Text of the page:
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New program will allow students to adopt soldiers

Nov. 11, 2005

By KATE MCCLENDON and MANDY SMITH, assistant city editor and reporter

While soldiers in Iraq deal with 140-degree heat, dust storms, sand fleas and the ongoing possibility of violence, student government members are hoping Baylor students can take soldiers' minds off these problems.

Student government members launched on Thursday the Baylor Adopts program, which will pair Baylor organizations and students with Fort Hood soldiers.

Fort Hood Army Capt. Tony Rodriguez and Staff Sgt. Ray Blevins emphasized the value of having Baylor students support military halfway across the world during a program Thursday night in Bennett Auditorium.

"E-mails and letters are a great way to give them a morale booster and let them know that we're thinking of them here in Waco while they're in Iraq," said Natalie Cook, a Katy senior and Student Congress public relations chairwoman.

Student government members said they believe reaching out is worth the effort.

"As a Christian university, I believe Baylor has a duty to reach out to soldiers and to let them know that we care and to show the love of Christ," said Allan Marshall, a Cuny junior ad representative for College of Arts and Sciences.

Organizations and individuals can pay a $20 fee to adopt a soldier based out of Fort Hood. Once the soldier is adopted, organization members can send e-mails to the soldiers or mail them letters and packages.

"You're basically committing to e-mail the person you adopt," said Mark Laymon, student body president and Richardson junior.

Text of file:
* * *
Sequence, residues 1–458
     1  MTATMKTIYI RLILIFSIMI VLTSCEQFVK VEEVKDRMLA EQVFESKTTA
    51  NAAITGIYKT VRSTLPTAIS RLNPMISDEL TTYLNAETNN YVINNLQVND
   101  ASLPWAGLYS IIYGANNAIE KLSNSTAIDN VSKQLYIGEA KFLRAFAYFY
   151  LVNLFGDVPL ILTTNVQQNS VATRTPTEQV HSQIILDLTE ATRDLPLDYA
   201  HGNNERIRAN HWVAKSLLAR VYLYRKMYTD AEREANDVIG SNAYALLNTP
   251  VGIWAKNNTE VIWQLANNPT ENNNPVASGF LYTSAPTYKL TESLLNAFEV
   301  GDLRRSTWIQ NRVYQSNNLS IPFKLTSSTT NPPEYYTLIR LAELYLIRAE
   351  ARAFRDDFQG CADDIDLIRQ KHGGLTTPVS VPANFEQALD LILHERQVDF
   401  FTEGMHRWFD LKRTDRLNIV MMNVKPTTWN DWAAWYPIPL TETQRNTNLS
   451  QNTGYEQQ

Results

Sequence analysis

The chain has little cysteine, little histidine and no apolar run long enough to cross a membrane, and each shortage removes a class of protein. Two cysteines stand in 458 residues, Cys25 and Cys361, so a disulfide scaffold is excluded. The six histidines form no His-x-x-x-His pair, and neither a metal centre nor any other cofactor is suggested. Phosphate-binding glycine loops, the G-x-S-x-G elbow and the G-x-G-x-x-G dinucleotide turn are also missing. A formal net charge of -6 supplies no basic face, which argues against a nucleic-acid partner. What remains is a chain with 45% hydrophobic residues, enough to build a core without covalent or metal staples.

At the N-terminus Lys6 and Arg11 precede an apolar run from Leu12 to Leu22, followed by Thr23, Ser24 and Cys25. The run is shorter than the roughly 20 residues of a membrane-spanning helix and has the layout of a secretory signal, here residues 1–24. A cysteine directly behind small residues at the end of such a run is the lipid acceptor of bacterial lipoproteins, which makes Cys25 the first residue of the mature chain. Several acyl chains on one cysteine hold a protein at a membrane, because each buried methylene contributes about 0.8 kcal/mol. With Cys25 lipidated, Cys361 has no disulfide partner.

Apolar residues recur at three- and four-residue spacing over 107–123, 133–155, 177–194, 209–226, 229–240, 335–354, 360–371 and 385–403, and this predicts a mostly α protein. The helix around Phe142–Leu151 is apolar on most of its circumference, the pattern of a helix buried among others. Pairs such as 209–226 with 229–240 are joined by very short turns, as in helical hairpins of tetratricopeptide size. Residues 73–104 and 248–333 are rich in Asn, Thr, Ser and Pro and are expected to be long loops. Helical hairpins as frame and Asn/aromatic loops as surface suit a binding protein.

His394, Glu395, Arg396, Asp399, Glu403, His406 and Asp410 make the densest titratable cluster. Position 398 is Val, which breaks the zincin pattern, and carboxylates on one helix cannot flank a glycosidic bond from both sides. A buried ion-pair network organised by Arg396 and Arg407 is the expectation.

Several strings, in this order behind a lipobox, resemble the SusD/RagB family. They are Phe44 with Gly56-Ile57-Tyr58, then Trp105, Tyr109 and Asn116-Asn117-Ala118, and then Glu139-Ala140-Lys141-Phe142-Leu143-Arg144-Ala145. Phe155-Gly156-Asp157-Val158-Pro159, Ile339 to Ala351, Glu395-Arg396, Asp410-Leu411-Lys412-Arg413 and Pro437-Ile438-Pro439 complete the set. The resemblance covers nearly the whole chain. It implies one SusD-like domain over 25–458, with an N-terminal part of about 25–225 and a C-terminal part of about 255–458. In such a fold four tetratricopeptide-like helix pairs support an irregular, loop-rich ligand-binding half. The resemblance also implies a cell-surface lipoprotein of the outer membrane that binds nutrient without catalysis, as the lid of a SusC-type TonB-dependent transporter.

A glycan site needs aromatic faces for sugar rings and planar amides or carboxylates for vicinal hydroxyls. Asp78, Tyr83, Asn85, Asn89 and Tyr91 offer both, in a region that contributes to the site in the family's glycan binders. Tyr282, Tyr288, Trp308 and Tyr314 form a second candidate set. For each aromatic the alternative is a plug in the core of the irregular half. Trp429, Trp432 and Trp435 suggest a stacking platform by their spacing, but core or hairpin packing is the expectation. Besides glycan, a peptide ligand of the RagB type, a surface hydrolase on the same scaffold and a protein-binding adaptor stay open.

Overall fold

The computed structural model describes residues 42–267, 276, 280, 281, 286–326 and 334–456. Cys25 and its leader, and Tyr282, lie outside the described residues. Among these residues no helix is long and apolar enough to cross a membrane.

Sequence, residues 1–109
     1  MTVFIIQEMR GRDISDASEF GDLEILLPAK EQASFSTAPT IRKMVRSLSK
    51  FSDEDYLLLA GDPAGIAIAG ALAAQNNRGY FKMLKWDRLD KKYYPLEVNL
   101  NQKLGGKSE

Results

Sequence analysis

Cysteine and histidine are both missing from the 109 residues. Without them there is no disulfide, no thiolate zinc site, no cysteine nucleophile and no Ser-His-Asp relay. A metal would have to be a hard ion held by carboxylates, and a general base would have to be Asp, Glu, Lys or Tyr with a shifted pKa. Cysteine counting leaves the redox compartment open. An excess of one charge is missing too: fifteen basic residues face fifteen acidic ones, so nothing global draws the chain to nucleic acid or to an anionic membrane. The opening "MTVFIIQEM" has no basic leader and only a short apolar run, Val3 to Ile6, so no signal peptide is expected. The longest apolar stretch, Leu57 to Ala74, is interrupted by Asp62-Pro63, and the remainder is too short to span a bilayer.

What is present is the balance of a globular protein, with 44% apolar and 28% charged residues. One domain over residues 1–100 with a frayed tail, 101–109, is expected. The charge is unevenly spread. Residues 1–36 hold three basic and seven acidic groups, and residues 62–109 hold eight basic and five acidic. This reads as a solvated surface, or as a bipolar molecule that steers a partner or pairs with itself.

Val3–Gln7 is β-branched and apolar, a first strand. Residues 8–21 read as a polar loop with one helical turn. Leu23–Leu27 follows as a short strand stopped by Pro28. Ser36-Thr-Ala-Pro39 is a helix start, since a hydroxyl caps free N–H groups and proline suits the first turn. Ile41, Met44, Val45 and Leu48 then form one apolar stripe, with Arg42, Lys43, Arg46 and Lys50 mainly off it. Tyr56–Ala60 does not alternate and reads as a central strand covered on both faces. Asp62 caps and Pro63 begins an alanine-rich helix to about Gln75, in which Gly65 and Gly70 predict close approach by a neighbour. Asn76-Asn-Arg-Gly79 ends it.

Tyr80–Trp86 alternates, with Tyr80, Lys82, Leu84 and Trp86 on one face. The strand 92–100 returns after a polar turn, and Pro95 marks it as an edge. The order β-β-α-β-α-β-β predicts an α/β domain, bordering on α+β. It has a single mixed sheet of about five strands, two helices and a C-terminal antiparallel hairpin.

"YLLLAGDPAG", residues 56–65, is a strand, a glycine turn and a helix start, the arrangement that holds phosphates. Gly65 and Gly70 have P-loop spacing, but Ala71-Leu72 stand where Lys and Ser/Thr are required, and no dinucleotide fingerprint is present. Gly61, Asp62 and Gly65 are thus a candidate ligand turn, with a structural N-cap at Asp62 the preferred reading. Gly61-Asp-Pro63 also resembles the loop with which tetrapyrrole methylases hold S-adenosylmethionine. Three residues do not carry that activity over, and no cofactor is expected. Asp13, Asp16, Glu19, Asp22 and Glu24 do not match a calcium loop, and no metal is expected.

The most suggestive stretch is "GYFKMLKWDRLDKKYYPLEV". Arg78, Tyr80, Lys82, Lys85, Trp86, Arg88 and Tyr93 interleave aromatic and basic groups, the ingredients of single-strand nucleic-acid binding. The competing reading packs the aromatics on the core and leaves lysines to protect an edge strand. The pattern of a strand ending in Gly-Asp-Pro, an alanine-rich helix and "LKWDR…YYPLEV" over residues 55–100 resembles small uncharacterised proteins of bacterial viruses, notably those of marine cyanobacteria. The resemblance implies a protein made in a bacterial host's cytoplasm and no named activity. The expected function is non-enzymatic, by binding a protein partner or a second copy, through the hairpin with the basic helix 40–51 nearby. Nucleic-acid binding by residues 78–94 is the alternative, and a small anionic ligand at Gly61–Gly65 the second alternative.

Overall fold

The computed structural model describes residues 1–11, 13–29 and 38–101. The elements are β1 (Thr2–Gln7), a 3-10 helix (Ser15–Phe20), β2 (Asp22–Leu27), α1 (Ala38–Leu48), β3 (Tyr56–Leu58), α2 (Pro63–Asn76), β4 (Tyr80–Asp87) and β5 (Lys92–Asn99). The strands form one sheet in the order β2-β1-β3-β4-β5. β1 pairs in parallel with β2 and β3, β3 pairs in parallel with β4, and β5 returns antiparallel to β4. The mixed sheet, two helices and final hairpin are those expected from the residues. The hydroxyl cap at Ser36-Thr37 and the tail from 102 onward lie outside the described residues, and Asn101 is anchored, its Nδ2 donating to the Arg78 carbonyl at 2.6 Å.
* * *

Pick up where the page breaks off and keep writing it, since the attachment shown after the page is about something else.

"If you know the person specifically, you can mail them things," Laymon said.

Student government members are also holding a campus-wide drive to collect items to send to the soldiers, Laymon said.

Boxes will be in residence halls and at the Bill Daniel Student Center.

T-shirts also will be sold and all proceeds will benefit the soldiers, Marshall said.

Each shirt will have "Baylor Adopts" printed on the front and a picture of all 96 members of the Fort Hood Bravo Company underneath.

"There are some soldiers who are our age in harm's way and we need to extend a hand of compassion to them," Marshall said.

Rodriguez, a civil military officer who helped rebuild clinics, police stations and schools, spoke about the loneliness soldiers often feel while on duty in Iraq.

"A lot of these soldiers are 18-,

19-, 20-year-olds. About three-quarters of our battery is brand-new soldiers, right out of high school," Rodriguez.

"It raises stress levels if they don't have anything coming to them," Rodriguez said. Blevins said the soldiers continuously deal with high levels of stress when driving through Iraqi towns and when relaxing at their tent, worried about violence breaking out at any time.

"There are still American soldiers killed. It's a dangerous job. ...Basically we're teaching the Iraqis to become their own army and police force so they can secure their own country so they won't need us," Blevins said.

"(Most of them) like that, we took Saddam Hussein out of power and are trying to make them into a democracy," he said. Blevins said letters, e-mails and packages are a good way to keep soldiers' spirits up.

"What we need are distractors, something to take us away, like a letter," Blevins said. "Something to let us know what's going on, but not, 'how are you?' and 'have you killed anyone?'"

Many find comfort in contact with the outside world because they rarely have it, Blevins said.

"The greatest feeling is to go to that place where you get your mail and see a letter or a package," Rodriguez said.

"But some soldiers don't get anything," Rodriguez said.

Rodriguez and Blevins both said they are excited about the contact soldiers will have with Baylor students through the program.

"I've been there and I'm really hoping this will work out for Baylor," Rodriguez said.

Students and organizations can sign up to adopt a soldier in the Bill Daniel Student Center in the Student Government office.